The Childhood Autism Rating Scale (CARS; Schopler, Reichler, & Renner, 1988 ). CARS scores used in this analysis were obtained from each child's first visit at 36 months or older and were used to evaluate the degree of autism symptoms. The CARS is a 15-item measure, and each item is rated on a scale from 1 (within normal limits for age or developmental level) to 4 (severely abnormal for age or developmental level). Scores range from 15 to 60, indicating no autistic symptoms (15–29.5), mild or moderate autistic symptoms (30–36.5), or severe autistic symptoms (37–60). For our sample, scores ranged between 16 and 36 (M = 24.58; SD = 5.301) (see Table 1), with 7 out of the 39 children having CARS scores between 30 and 36. CARS scores were arrived at by consensus between two trained graduate students who had observed the child over 2 days of assessments. The strength of this measure, and the reason we used it, was that it gave us a direct measure of autism symptomology concurrent with the collection of the other data, and thus served as more proximal measure than autism diagnosis.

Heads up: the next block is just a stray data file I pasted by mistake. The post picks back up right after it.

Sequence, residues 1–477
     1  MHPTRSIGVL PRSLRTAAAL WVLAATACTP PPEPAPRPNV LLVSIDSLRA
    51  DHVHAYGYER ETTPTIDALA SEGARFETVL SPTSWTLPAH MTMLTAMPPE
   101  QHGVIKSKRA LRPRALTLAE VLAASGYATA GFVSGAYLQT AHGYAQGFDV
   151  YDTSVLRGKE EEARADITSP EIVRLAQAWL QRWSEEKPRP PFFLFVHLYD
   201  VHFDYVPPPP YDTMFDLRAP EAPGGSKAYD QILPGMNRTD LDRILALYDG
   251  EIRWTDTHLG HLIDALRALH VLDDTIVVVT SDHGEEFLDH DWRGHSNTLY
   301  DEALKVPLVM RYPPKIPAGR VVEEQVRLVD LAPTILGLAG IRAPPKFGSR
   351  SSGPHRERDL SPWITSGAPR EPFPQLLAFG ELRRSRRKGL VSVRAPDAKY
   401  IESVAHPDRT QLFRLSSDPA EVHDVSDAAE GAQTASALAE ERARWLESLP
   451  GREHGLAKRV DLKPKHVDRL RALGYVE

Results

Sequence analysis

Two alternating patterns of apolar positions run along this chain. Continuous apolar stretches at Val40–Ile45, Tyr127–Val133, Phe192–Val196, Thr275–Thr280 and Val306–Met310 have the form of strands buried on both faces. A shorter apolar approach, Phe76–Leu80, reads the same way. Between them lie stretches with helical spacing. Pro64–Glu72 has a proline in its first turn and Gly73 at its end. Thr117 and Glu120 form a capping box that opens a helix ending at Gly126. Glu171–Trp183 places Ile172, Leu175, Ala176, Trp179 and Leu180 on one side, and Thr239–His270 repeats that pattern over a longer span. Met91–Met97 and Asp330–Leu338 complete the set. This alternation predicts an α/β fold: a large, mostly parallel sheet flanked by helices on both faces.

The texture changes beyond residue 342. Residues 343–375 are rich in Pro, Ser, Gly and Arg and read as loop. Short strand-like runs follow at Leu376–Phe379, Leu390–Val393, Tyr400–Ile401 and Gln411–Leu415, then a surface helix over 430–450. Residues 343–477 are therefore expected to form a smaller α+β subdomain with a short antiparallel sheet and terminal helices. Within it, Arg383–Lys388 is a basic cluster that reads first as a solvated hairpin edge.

Maternal responsivity. Maternal responsivity was measured as the occurrence of predetermined behaviors during mother–child interactions at each home visit, and was averaged across time points for the current study (see Table 2). Maternal interaction behaviors were coded on a behavior-by-behavior basis. Two graduate research assistants independently coded each videotaped observation file from the home visits using the Noldus Observer XT software (Noldus Information Technology, 2008). Reliability between coders was assessed with Interclass Correlation Coefficients (ICCs) and ranged between .73 and .99. The coding system consisted of two levels. First, maternal behaviors were coded according to whether the mother (a) maintained, (b) redirected, or (c) introduced a topic. Then, within these categories the mother's behavior was coded as either (a) requested a verbal comply, (b) requested behavioral compliance, or (c) commented. Maternal use of gestures, recodes, communication breakdowns, and admonishments were also coded. Results from a previously completed principle components analysis (see Brady et al., 2014) indicated that the following three maternal behaviors reflected responsivity: (a) Maintain requests for verbal compliance, referring to questions or statements intended to elicit a verbal response (e.g., “Do you want peanut butter and jelly or just peanut butter?”), (b) Maintain comments (e.g., Mom says “Well done!” or “That's the blue block.”), and (c) Maintain recodes, referring to verbal interpretation of child's communication act (e.g., Child says “ba” while pointing to a ball and mom says “You want your ball.”). Z scores were computed to indicate the frequency of each of these three behaviors relative to all participants' productions—then averages of the three z scores were computed for each dyad to use in our analyses.